ATP-Evoked Ca2+ Responses in Müller Cells
The Ca2+ responses of Müller cells were recorded in acutely isolated retinal wholemounts at the plane of the cell end feet. Extracellular application of ATP (10 or 200 μM) evoked transient increases of the intracellular free Ca2+ in some Müller cell end feet of nonsurgical control retinas (Fig. 3A) . In the mean, ∼5% and ∼13% of the recorded cell end feet in wholemounts derived from nonsurgical control retinas displayed Ca2+ responses on application of 10 and 200 μM ATP, respectively. Wholemounts obtained from detached retinas at 3 or 7 days after surgery displayed a significant increase in the incidence of responding Müller cells when compared with the control (Figs. 3B 3C) . Of note, the increase in the Ca2+ responsiveness to 200 μM ATP was apparently transient during detachment, with a significant lower incidence in retinas that were detached for 7 days than after 3-day detachment (Fig. 3C) . A similar transient upregulation of Ca2+ responsiveness was observed in wholemounts derived from nondetached retinal tissues, with significantly elevated responses at 3 days after surgery (Fig. 3B 3C) . The vitrectomy control displayed no significant alteration of the Ca2+ responsiveness of Müller cells when compared to untreated control (Fig. 3C)
Immunoreactivities for Intermediate Filament Proteins
In retinas from nonsurgical control eyes, the strongest immunoreactivity for vimentin was found in the nerve fiber layer (Fig. 4A) . In addition, Müller cell fibers within the inner retinal layers displayed staining for vimentin. At 3 (not shown) and 7 days after creation of detachment (Fig. 4A) , the vimentin labeling of Müller cells strongly increased in the detached and surrounding attached retinal tissues, with staining of Müller cell fibers in the whole retinal tissue. The immunoreactivity for GFAP was largely restricted to the nerve fiber layer in the nonsurgical control tissue, reflecting the prominent expression of GFAP by retinal astrocytes and Müller cell end feet (Fig. 4D) . A few vitreous stem processes of Müller cells were also stained in the inner half. At 3 (not shown) and 7 (Fig. 4D)days after surgery, the expression of GFAP by Müller cells in detached and nondetached retinal areas was strongly increased, with a prominent expression of the filament protein throughout the length of the Müller cell fibers. Semiquantification of the immunoreactivities for GFAP (Figs. 5A 5B)and vimentin (Fig. 5C)in retinal slices showed increases in the levels in detached and attached retinal areas. The distribution of GFAP (Figs. 4E 5A 5B)and vimentin (Fig. 5C)immunoreactivities did not differ between slices from nonsurgical and vitrectomized control eyes, suggesting that vitrectomy per se did not cause an activation of Müller cells.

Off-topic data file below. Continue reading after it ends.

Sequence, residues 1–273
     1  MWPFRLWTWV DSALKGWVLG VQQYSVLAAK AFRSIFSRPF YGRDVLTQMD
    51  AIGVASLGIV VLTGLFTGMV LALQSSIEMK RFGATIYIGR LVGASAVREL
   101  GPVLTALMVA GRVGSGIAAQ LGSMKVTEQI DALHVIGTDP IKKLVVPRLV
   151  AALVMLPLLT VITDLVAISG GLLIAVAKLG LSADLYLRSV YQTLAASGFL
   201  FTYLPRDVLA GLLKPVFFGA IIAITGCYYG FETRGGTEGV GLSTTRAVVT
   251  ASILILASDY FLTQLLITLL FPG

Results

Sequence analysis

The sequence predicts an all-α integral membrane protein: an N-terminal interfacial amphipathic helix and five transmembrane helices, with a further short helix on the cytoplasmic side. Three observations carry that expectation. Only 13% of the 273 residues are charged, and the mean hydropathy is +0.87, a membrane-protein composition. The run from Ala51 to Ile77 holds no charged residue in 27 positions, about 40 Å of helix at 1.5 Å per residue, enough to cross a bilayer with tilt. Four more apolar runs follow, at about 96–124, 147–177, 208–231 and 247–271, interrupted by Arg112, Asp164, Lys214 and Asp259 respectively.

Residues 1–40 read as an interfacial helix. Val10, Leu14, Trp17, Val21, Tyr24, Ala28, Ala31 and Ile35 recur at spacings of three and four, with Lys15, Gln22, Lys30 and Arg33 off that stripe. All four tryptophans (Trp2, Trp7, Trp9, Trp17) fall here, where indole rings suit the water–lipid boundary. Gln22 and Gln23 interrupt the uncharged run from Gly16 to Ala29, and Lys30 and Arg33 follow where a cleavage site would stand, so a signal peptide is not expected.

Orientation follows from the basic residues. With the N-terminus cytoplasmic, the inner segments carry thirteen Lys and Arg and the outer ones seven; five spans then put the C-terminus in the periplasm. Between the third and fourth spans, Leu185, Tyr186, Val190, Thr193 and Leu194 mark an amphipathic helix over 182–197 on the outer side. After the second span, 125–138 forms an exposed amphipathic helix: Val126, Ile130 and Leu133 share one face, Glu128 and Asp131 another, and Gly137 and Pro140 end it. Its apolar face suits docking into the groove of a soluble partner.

Immunoreactivities for K+ Channel Proteins
The predominant K+ channel subtype expressed by Müller cells is the Kir4.1 channel. 27 29 30 31 In retinas from nonsurgical control eyes of the pig, the immunoreactivity for Kir4.1 was observed in membranes of Müller cells that surround the retinal vessels, in membranes of Müller cell end feet that abut the inner limiting membrane (ILM), and within the nerve fiber layer (Fig. 4A) . In detached retinas obtained at 3 (not shown) or 7 (Fig. 4A)days after surgery, the Kir4.1 immunoreactivity was strongly downregulated in comparison to control retinas. At 7 days after surgery, the perivascular Kir4.1 immunolabel was decreased also in nondetached tissues of surgical eyes when compared with the nonsurgical control, while a significant staining at the ILM remained demonstrable, though at a lower level when compared with the control (Fig. 4A) . Semiquantitative evaluation of the Kir4.1 staining within the inner nuclear layer revealed a strong decrease in Kir4.1 protein expression in detached and attached retinal areas at 7 days after surgery (Fig. 5D) . Vitrectomy per se did not alter the retinal distribution of Kir4.1 immunoreactivity when compared with retinal slices of nonsurgical control eyes (Figs. 4B 5D)